FEC HEARS TESTIMONY ON DEFINITION OF FEDERAL ELECTION ACTIVITY
WASHINGTON—The Federal Election Commission today held a public hearing on the Notice of Proposed Rulemaking (NPRM) addressing the definition of Federal Election Activity. The NPRM explored possible modifications to the definitions of “voter registration activity” and “get-out-the-vote activity” in response to the decision of the U.S. Court of Appeals for the District of Columbia Circuit in Shays v. FEC (Shays III).
“I’d like to thank all of the people who took the time and effort to comment on the proposed rules and, in particular, those who will appear as witnesses at this hearing to give us the benefit of their practical experience and expertise on issues raised by the proposed rules,” said Chairman Steven T. Walther as he opened the hearing.
Regulations ultimately adopted by the Commission will implement part of the Shays III opinion that found invalid aspects of the rules promulgated to implement the Bipartisan Campaign Reform Act of 2002 (BCRA).
The Commission heard testimony from:
Testimony focused on how the Commission could draft definitions of voter registration activity and get-out-the-vote activity that are compliant with the Shays III decision and recognize the practical experiences of state and local parties and candidate associations. The Commissioners re-opened the administrative record until January 6, 2010, to allow the witnesses to provide written responses to specific questions that were posed at the hearing.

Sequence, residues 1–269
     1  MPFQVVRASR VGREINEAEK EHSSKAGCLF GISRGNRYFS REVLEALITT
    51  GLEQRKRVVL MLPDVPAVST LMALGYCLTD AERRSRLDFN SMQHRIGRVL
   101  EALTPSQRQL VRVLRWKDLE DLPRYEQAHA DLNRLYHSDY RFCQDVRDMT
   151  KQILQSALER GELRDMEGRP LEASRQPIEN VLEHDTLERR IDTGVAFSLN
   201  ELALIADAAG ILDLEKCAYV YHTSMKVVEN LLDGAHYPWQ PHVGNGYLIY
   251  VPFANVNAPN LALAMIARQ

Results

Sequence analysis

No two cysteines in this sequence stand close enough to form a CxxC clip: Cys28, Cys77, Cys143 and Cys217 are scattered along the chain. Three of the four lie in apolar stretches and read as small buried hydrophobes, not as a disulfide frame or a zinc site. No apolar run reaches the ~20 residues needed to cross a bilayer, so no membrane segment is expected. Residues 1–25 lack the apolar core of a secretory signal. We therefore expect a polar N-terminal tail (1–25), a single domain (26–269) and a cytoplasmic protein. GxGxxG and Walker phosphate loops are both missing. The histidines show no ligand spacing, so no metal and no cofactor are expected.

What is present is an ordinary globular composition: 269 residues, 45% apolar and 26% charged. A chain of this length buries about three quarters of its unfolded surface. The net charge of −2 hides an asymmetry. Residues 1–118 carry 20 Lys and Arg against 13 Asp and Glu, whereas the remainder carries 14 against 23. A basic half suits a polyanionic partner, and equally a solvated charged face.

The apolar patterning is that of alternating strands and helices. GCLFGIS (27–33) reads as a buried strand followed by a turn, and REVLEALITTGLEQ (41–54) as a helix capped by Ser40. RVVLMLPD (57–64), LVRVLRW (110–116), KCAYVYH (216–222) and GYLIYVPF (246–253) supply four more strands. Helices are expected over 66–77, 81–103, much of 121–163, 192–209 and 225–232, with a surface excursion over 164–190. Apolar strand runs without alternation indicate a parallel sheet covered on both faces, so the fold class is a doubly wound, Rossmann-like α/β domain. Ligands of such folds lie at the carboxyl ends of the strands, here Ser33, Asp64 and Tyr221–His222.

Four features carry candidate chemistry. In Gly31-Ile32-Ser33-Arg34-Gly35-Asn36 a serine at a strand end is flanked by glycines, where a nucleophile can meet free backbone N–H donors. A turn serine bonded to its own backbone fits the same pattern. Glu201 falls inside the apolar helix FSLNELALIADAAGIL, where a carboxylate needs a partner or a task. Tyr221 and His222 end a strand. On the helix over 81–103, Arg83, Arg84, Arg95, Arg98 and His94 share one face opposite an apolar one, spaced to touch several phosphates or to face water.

An audio file and transcript of the hearing will be available on the FEC website (www.fec.gov) in the near future.
The Federal Election Commission (FEC) is an independent regulatory agency that administers and enforces federal campaign finance laws. The FEC has jurisdiction over the financing of campaigns for the U.S. House of Representatives, the U.S. Senate, the Presidency and the Vice Presidency. Established in 1975, the FEC is composed of six Commissioners who are nominated by the President and confirmed by the U.S. Senate.
# # #